Cork roadbed question

Discussion in 'FAQs' started by Pitchwife, Aug 23, 2004.

  1. Pitchwife

    Pitchwife Dreamer

    Well, I'm finally doing it. After much planning I am finally laying track. I am building a couple of ntrak modules to go with the ones from the local club. I'm using cork for the road bed mounted on a styrofoam sheet. My problem is that I used the full double width of cork for the two main lines and they look fine. But I had planned on just using a single width for the yard tracks, which is what the modiles will be (hopefully). When I mount the track on the single piece of cork the ties just fit the width of the cork with no roadbed on either side. How does everyone else handel this? Should I use the full double width cork for the whole layout, or should I use something like sculptamold to create the shoulders, or should I just use lots of balast to build up the shoulders? Or should I just go with no shoulders? I don't recall ever reading anything about this particular problem and I'm just not sure how to procede. :confused: :confused: :confused:
  2. Woodie

    Woodie Active Member


    I just went with lots of ballast on my previous layout, but I've given up cork as a roadbed now. Too difficult to work with, especially the joins, and also around curves.

    I've moved to a "bubble packing plastic foam" type of stuff. about 1/8" thick (I use a double layer). excellent to work with, easy to cut to any shape you like, and about $5 a 50' roll and it's about 10" wide. Get it from office supply places, and they use it for wrapping fragile packages. (It's NOT "bubblewrap", but a thin spongey foam type of stuff).

    Fabulous for sound deadening too. :) :thumb:
  3. Fred_M

    Fred_M Guest

    Go to Lowes (or builders square, etc.) with a piece of you roadbed Clark, and match it up with some cork 12 X 12 tiles or roll cork. You then elevate the whole yard area to bottom of tie level. At most proto yards the tracks are near level with the terrain anyway, so it's prototypical. If you can't find the exact thickness get a smaller thickness and shim it with paper/cardboard/... Fred
  4. Gary Pfeil

    Gary Pfeil Active Member

    Did you split the cork down the middle? There should be a beveled slice through the cork down the center. Split it and butt the two square sides together. Then you'll have the shoulders you want.

  5. Russ Bellinis

    Russ Bellinis Active Member

    Dash 10 is right, and the cork tiles or possibly gasket material will probably be cheaper than the cork roadbed. I've noticed at prototype yards here in So Cal, that the mainlines are usually built up on road bed. Tracks in the yards are usually laid on grade with no ballast. With a module, you may need to raise the yard tracks up a little high to make them match up with neighboring module connections. If you don't need to keep them artificially high, you could use a sanding block on the road bed where the track coming off the mainline transitions into the yard to gradually blend the heights of the two levels of track.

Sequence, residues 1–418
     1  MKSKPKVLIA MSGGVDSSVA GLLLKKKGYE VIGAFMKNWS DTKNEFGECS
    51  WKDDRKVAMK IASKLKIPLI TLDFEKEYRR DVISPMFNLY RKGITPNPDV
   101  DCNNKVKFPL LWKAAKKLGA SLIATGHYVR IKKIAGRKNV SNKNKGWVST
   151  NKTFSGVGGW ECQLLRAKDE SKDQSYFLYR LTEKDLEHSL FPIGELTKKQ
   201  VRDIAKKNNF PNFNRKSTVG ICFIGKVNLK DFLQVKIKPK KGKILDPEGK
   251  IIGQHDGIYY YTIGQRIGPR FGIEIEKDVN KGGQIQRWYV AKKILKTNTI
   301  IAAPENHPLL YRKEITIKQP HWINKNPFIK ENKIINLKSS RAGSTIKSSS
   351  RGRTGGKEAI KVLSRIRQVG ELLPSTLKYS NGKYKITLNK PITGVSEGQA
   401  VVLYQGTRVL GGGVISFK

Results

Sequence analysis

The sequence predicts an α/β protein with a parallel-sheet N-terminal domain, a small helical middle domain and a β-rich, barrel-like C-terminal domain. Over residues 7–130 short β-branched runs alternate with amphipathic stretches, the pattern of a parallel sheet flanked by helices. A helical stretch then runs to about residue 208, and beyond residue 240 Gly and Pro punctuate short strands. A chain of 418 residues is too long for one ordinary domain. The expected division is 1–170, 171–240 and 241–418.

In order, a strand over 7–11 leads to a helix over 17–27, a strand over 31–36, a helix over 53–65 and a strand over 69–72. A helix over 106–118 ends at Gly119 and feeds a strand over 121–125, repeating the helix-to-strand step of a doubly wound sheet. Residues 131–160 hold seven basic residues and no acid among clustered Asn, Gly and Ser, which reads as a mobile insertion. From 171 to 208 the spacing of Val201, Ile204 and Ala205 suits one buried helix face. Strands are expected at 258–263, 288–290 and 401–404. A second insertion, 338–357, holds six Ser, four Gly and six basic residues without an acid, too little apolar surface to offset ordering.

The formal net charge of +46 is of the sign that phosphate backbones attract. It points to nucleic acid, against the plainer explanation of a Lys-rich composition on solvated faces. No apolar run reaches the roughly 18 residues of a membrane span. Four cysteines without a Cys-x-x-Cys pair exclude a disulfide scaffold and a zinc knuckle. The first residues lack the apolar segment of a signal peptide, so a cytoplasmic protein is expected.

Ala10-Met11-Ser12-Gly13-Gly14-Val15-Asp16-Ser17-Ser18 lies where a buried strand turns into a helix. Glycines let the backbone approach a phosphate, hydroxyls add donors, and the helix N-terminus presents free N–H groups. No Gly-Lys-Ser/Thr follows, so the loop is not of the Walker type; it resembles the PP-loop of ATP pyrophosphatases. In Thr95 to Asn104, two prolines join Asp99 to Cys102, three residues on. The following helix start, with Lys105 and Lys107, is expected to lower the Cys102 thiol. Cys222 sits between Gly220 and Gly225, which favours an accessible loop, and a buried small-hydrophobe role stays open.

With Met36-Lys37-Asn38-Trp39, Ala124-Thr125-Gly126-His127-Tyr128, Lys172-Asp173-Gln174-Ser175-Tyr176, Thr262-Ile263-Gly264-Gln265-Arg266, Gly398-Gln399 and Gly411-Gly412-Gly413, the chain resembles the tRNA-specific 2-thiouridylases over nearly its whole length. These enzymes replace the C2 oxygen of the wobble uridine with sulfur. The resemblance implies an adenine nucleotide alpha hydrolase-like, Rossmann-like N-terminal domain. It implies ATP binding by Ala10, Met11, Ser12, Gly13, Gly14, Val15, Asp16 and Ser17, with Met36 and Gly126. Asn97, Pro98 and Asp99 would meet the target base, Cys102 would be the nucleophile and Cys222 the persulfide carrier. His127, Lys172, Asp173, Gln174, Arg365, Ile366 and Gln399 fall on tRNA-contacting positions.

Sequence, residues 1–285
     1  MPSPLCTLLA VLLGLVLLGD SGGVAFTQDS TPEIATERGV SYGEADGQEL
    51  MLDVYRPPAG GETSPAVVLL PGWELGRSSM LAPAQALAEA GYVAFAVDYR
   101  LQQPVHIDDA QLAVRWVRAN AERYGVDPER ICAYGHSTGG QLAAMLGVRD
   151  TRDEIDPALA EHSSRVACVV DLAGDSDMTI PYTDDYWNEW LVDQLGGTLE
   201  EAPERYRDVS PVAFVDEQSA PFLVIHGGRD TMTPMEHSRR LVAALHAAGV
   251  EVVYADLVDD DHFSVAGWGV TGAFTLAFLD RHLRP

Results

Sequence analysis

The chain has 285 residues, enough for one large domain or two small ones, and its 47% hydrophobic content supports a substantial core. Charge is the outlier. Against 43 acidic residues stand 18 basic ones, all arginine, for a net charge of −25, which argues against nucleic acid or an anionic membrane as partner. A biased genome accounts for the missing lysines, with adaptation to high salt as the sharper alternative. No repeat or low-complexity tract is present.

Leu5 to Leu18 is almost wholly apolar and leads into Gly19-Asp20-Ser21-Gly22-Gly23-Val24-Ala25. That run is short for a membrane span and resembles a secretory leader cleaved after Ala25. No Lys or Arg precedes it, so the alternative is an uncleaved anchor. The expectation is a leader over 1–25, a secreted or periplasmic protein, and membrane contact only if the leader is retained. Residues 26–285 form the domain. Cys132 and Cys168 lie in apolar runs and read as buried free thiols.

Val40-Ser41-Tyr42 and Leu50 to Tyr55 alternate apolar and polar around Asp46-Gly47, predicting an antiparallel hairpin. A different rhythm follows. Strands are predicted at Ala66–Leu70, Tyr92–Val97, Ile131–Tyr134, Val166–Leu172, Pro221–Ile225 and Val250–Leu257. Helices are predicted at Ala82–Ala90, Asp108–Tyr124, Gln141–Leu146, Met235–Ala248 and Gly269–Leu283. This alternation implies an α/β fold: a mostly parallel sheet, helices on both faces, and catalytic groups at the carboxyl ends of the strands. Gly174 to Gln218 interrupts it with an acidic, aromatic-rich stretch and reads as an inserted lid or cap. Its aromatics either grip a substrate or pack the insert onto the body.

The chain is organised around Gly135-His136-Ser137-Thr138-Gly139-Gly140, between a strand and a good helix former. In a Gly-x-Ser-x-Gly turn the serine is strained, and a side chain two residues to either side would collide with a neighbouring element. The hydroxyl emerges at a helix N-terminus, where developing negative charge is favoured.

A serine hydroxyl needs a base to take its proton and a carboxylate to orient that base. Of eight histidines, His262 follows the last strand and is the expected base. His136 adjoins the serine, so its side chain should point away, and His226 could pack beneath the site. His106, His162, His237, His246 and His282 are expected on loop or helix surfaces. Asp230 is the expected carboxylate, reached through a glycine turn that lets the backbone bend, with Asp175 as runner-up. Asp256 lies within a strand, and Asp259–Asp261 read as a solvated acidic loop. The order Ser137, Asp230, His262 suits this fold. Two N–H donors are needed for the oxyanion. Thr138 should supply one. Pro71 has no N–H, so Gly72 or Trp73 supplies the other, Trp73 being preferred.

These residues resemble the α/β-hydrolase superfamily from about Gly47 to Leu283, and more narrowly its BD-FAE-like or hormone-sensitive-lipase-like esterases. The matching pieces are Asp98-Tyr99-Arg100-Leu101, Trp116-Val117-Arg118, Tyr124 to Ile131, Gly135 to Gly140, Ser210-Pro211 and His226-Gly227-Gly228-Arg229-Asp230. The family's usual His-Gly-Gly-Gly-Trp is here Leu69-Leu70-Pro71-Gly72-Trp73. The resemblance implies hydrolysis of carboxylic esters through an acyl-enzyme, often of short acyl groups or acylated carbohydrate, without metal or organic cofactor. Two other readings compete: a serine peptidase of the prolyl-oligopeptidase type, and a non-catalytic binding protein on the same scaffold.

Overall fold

6. Pitchwife

    Pitchwife Dreamer

    I know the stuff you are talking about but have no idea where to get it around here.

    I did that on the mainlines, but wanted to do something a little less dramatic in the yard itself. Half was just the width of the track & didn't look right.

    Dash and Russ
    You got it right. A 2'x4' roll was aboout $13, pretty cheap roadbed. Thanks for all of the input.
  7. slymonk

    slymonk New Member

    Im gonna try using some stuff called Ethafoam that Dow makes. I work for a foam fabricator and we have alot of that stuff laying around as scrap. Its essentialy the same stuff as the blue foam you guys were talking about, only it comes in 48" x 108" sheets. Hopefully this stuff works like i think it will.
  8. ak-milw

    ak-milw New Member

    In the yard I am building right now I used cork for my double track main and put my yard right on the foam board.:D
  9. Doc Holliday

    Doc Holliday Member

    Although I used standard cork roadbed for all my track, I've heard of guys using the foam underlayment used for engineered wood floors and liking the results.
  10. Ethafoam looks a little coarser than the extruded foam insulation sheets. It looks to be a cushioning foam, which might be a little soft for track use.

    I'd test it with a small amount of track first
  11. GOM

    GOM New Member

    I have been browsing and learning here for a while .

    I have managed to track down this material and agree re sound deadening , [ although the (fairly rigid) feeder wires transmitted resonance through the foam core board until the holes were widened to eliminate any contact ].

    Any ideas or experience with ballasting :-
    difficulties because of its resilience
    and effects on sound levels if resilience is reduced ?

  12. Woodie

    Woodie Active Member

    I have not yet ballasted any track, but will be doing so in the next week or two. Will see then, if the4 sound deadening remains, or not.

Share This Page